The Java Power Tools Bootcamp training sessions are a great way to get a grip on some very cool open source technology.
The Java Power Tools book is coming out real soon.
Paul Duvall, from Stelligent, has been experimenting with using voice commands to control a build server. A neat idea!
Using Hudson environment variables to identify your buildsUsing Hudson environment variables to identify your builds
So your CI server now automatically deploys your application to an integration server. You've even configured it so that you can manually deploy to the QA server using the same process. Great! But wouldn't it be nice to know exactly what build you are looking at at any point in time? Well, Hudson lets you do just that.
So you've got hundreds of tests, but they take ages to run. You have a Continuous Integration server, but it takes an hour to tell anyone when there's a failure. What can you do?
For anyone who's interested, I'll be giving a session at CommunityOne in May entitled "Open source tools to optimize your development process". It should be fun! CommunityOne is a free event on the Monday before JavaOne start, all about open source project and tools.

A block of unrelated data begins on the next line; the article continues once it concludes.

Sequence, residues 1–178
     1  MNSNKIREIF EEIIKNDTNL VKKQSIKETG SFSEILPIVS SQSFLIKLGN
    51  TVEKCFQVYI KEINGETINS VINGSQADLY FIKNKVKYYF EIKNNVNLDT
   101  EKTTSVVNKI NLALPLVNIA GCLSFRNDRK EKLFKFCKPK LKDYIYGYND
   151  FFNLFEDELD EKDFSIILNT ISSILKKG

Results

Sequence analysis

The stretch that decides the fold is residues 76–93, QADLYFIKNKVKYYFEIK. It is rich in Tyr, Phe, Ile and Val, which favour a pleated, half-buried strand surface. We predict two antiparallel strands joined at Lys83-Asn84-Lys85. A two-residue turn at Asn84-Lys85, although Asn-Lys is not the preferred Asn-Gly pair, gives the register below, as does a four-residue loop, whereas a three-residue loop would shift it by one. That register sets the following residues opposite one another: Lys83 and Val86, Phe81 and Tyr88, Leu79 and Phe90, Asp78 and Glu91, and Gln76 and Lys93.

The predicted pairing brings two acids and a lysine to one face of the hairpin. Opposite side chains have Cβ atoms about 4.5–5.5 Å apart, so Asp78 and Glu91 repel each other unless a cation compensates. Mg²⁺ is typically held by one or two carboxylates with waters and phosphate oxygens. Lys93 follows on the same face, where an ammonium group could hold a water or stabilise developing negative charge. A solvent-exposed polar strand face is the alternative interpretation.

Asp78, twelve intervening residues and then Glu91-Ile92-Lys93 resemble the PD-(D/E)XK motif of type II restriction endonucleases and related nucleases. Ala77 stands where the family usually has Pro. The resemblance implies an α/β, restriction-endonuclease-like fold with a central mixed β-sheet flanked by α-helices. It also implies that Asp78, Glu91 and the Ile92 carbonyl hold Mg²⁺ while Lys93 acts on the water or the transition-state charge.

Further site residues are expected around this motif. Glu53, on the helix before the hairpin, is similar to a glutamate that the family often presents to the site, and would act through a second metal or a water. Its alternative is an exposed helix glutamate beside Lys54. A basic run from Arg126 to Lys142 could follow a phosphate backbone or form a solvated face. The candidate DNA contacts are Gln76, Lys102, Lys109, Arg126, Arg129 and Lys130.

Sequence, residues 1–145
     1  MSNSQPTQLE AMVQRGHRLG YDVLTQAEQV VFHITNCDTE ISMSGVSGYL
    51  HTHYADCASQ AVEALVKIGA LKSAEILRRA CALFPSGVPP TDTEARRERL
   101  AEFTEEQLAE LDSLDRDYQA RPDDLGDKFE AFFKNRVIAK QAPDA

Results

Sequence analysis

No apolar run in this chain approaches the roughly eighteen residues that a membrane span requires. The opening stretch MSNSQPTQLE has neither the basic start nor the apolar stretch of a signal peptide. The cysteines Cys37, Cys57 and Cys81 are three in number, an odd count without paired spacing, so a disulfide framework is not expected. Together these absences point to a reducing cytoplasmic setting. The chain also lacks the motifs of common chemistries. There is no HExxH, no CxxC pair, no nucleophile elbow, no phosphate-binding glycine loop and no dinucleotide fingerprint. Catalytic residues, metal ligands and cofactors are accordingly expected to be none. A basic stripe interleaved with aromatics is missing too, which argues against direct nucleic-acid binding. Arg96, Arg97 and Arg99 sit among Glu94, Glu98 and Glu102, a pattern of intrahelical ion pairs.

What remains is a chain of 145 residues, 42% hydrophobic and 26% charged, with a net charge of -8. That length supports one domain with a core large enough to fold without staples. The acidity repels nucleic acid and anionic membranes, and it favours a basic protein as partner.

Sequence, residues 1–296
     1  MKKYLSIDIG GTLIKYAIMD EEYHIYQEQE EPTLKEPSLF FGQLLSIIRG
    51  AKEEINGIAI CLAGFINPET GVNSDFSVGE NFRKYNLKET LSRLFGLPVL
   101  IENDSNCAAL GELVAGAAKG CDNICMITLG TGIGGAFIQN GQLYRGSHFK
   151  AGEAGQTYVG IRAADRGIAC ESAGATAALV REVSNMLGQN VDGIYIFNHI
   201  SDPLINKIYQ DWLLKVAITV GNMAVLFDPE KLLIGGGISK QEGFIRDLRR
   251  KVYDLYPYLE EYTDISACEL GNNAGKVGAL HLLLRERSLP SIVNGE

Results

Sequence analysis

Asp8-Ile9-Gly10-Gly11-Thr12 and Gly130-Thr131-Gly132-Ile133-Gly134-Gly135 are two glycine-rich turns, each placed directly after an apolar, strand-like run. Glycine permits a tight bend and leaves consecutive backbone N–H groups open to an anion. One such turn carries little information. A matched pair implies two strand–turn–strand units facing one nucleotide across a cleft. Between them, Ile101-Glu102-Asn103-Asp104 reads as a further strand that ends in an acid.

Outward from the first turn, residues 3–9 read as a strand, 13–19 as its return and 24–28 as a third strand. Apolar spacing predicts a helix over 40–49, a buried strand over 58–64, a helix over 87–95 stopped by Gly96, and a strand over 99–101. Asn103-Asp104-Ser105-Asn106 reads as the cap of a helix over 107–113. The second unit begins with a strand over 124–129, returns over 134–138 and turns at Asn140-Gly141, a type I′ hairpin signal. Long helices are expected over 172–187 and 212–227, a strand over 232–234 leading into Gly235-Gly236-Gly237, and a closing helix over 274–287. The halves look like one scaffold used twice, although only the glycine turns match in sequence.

A little while back I had a ball of a time doing an interview with my good mate Andy Glover about the upcoming Java Power Tools book. It was a fun, off-the-hip, and largely improvised talk, and my thanks go once again to Andy for organizing it.
About a year ago, I launched a poll to learn what Continuous Integration servers people were using. The results were interesting...
The original CI tool (if you don't count ye old cron job) came in first with a wopping 35% for CruiseControl. Hudson and Continuum where neck-and-neck, with 14% for Hudson and 13% for Continuum.